Techniques of Fire During Limited Visibility

LIMITATIONS AND TERMS

This chapter describes machinegun firing techniques during limited visibility. LIMITED VISIBILITY refers to periods of darkness and to daylight when visibility is poor due to smoke, fog, rain, or snow.

During limited visibility, some of the daylight techniques for engaging targets cannot be used.

Information on the use of night vision devices with the M60 machinegun during limited visibility is given in TM 11-5855-203-10.

SECTOR OF FIRE

A sector of fire is an area to be covered by fire that is assigned to an individual, a weapon, or a unit Machineguns are normally assigned two sectors of fire: a primary sector and a secondary sector.

FINAL PROTECTIVE FIRES

Final protective fires (FPF) form an immediately available prearranged barrier of fire designed to stop enemy movement across defensive lines or areas. These fires consist of the fires of machineguns, mortars, and artillery» and include the machinegun final protective line (FPL) and mortar and artillery indirect fires.

FINAL PROTECTIVE LINE

An FPL is a predetermined line along which grazing fire is placed to stop an enemy assault. If an FPL is assigned the machinegun is laid on it except when other targets are being engaged. An FPL becomes the machinegun7s part of the unit's final protective fires. An FPL has the following characteristics:

# It is fixed in direction and elevation; however, a few mils of search must be employed to prevent the enemy from crawling tinder the FPL and to compensate for irregularities in the terrain or the sinking of the tripod rear legs into soft soil during firing.

• Fire can be delivered under all conditions of visibility.

• When two machineguns are employed on the flanks of a platoon, the FPL of each gun SHOULD correspond to the inner limit of its primary sector of fire.

PRINCIPAL DIRECTION OF FIRE

A principal direction of fire (PDF) is a priority direction of fire assigned to cover an area which provides good fields of fire or has a likely avenue of approach. It is also used to provide mutual support to an adjacent unit.

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been assigned. If a PDF is assigned and other targets are not being engaged, guns are laid on the PDF. A PDF has the following characteristics:

• It is used only if an FPL is not assigned; it then becomes the machinegun's part of the unit's final protective fires.

• When the target has width, direction is determined by laying on one edge of the target area and noting the amount of traverse necessary to cover the entire target.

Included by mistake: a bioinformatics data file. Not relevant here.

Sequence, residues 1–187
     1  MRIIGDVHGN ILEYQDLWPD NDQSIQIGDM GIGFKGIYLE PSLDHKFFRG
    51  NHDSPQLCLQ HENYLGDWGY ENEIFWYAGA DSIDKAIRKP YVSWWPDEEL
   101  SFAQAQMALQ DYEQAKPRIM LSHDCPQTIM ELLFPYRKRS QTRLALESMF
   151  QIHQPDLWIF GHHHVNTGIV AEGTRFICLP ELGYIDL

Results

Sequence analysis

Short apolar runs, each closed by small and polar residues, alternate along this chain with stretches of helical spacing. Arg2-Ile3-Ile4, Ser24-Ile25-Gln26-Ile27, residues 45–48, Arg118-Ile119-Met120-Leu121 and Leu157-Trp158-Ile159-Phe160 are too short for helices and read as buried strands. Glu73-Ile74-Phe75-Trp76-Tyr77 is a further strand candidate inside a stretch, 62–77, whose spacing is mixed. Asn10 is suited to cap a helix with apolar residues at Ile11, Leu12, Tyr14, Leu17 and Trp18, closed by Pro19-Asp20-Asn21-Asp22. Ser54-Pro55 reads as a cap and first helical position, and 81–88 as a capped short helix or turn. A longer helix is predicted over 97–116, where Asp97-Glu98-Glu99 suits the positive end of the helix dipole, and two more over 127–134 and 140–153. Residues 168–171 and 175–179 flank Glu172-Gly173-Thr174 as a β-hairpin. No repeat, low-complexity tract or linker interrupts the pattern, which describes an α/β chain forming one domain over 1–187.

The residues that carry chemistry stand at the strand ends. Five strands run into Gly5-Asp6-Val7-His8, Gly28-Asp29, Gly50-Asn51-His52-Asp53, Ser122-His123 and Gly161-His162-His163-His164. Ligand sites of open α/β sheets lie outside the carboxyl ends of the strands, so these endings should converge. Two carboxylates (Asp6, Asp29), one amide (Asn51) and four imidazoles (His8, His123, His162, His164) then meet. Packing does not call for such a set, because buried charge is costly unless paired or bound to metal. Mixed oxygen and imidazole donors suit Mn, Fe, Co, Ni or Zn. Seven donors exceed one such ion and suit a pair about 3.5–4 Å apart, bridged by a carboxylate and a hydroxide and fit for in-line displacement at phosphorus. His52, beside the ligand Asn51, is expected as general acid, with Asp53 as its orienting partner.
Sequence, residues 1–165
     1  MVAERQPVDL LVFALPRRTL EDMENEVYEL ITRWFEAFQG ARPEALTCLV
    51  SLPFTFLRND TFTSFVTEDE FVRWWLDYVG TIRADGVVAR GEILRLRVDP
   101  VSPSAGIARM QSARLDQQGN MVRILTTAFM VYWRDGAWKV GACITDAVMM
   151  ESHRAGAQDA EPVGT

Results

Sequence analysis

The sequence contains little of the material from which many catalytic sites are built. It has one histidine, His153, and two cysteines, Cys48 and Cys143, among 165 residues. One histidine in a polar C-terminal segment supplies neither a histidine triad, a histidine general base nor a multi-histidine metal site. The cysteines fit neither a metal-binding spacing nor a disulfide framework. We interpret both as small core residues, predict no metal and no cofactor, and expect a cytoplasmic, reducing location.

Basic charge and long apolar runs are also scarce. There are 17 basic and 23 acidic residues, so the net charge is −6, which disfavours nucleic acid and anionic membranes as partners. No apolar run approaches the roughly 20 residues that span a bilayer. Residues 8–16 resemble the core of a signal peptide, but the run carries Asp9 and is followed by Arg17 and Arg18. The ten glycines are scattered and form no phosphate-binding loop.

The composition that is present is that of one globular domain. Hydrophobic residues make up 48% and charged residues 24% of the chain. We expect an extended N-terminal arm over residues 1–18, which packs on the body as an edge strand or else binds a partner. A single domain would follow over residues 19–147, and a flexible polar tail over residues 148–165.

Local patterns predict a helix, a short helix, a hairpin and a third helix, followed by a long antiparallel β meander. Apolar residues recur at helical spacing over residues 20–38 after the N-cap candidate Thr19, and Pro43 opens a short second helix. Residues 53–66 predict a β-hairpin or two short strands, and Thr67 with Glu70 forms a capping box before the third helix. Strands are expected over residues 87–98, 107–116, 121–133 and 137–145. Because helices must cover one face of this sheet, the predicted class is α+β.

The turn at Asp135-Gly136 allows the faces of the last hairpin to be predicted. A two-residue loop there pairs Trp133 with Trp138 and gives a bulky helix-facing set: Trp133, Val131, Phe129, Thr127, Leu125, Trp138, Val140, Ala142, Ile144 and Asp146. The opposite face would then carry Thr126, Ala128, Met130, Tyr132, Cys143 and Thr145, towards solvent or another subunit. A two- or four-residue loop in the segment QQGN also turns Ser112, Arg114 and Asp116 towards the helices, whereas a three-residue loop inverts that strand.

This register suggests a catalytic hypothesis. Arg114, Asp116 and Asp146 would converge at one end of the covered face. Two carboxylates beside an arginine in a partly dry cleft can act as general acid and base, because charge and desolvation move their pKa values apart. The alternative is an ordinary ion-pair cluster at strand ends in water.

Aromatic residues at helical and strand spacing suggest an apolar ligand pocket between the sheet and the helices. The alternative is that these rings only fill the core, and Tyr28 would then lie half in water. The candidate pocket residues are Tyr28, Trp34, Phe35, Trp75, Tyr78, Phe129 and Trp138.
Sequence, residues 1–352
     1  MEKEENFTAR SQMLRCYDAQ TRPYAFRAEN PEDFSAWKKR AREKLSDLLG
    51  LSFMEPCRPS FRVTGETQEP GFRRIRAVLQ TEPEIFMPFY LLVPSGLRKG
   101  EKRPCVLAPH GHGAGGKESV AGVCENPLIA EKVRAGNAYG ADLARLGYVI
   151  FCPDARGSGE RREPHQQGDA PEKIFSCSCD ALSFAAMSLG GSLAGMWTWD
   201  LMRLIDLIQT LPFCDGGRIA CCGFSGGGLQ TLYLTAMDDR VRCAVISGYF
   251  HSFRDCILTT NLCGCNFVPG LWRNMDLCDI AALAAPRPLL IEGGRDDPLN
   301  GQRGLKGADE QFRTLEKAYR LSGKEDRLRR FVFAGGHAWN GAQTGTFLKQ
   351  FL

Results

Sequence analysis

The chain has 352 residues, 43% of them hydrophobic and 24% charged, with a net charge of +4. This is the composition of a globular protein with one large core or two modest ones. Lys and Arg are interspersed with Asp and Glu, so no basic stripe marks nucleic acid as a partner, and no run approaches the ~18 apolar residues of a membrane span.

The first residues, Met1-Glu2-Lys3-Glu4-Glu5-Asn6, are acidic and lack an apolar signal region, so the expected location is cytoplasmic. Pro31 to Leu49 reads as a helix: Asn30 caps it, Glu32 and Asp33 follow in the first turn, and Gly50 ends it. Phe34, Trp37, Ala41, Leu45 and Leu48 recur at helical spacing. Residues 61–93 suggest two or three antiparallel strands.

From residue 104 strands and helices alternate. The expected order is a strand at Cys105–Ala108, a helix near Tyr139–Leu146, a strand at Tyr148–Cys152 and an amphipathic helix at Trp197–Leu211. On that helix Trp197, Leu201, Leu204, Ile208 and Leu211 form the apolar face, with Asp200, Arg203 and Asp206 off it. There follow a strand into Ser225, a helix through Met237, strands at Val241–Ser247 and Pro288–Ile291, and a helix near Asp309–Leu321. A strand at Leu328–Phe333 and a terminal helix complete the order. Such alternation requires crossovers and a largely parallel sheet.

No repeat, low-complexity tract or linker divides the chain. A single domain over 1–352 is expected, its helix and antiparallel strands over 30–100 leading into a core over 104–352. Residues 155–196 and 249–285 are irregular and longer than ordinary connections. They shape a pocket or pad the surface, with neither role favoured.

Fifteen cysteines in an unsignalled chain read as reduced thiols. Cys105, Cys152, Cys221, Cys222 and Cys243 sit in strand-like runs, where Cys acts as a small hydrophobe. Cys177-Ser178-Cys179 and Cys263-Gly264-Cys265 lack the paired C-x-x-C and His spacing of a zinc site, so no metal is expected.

• The gunner is responsible for the entire wedge-shaped area from the muzzle of the gun to the target, but elevation may be fixed for a priority portion of the target.

ENGAGEMENT OF VISIBLE

TARGETS

During limited visibility, it is hard to detect and identify targets. The leader's ability to control the fire of his guns is also reduced, so he may instruct the gunners to fire without command when targets become visible- Gunners should engage targets only when they can identify them, unless ordered to do otherwise. For example, if one gunner detects a target and engages it, the other gunners will observe the area fired upon and add their fire only if they can identify the target or if ordered to fire at it.

Tracer ammunition helps a gunner engage visible targets during limited visibility, and it should be used if possible. Gunners must be trained to fire low at first and adjust upward when visibility is limited. This overcomes the tendency to fire high under those conditions.

W h£7i tWii !)r Tr^nre jrunss »jv i-u**tjus same linear targets, linear targets with depth, or deep targets, no attempt is made to divide these targets as is done when visibility is good- When visibility is poor, the center and flanks of these t argets may not be clearly defined; therefore, each gunner observes his tracers and covers what he believes to be the entire target.

LINEAR TARGETS

The gunner lays on what appears to be the center of mass of the target. With the tripod-mounted gun, he engages the target using swinging traverse fire and keeps his beaten zone on the base of the target. With the bipod-mounted gun. the gunner traverses rapidly back and forth across the target by selecting successive aiming points.

LINEAR TARGETS WITH DEPTH

The gunner lays on the center of mass of the target. He then traverses and searches the target, covering the side closest to his position first. With the tripod-mounted gun, the gunner selects successive aiming points, covering what appears to be the entire target by observing his tracers.

ENGAGING A VISIBLE LINEAR TARGET DURING LIMITED VISIBILITY

ENGAGING A

VISIBLE LINEAR TARGET WITH

LIMITED VISIBILITY

DEPTH DURING

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